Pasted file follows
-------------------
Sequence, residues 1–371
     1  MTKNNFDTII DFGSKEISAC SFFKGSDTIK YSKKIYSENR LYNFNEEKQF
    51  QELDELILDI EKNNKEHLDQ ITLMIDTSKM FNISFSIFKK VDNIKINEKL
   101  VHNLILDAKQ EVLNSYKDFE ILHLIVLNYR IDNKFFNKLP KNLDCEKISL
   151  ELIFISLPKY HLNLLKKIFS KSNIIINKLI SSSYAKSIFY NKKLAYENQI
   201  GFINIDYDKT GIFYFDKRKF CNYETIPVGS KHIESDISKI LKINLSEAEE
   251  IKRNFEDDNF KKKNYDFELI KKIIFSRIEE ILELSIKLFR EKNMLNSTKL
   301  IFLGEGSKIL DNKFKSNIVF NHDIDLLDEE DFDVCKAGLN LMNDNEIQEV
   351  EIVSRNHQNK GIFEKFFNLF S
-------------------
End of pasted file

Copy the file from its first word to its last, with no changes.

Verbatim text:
Sequence, residues 1–371
     1  MTKNNFDTII DFGSKEISAC SFFKGSDTIK YSKKIYSENR LYNFNEEKQF
    51  QELDELILDI EKNNKEHLDQ ITLMIDTSKM FNISFSIFKK VDNIKINEKL
   101  VHNLILDAKQ EVLNSYKDFE ILHLIVLNYR IDNKFFNKLP KNLDCEKISL
   151  ELIFISLPKY HLNLLKKIFS KSNIIINKLI SSSYAKSIFY NKKLAYENQI
   201  GFINIDYDKT GIFYFDKRKF CNYETIPVGS KHIESDISKI LKINLSEAEE
   251  IKRNFEDDNF KKKNYDFELI KKIIFSRIEE ILELSIKLFR EKNMLNSTKL
   301  IFLGEGSKIL DNKFKSNIVF NHDIDLLDEE DFDVCKAGLN LMNDNEIQEV
   351  EIVSRNHQNK GIFEKFFNLF S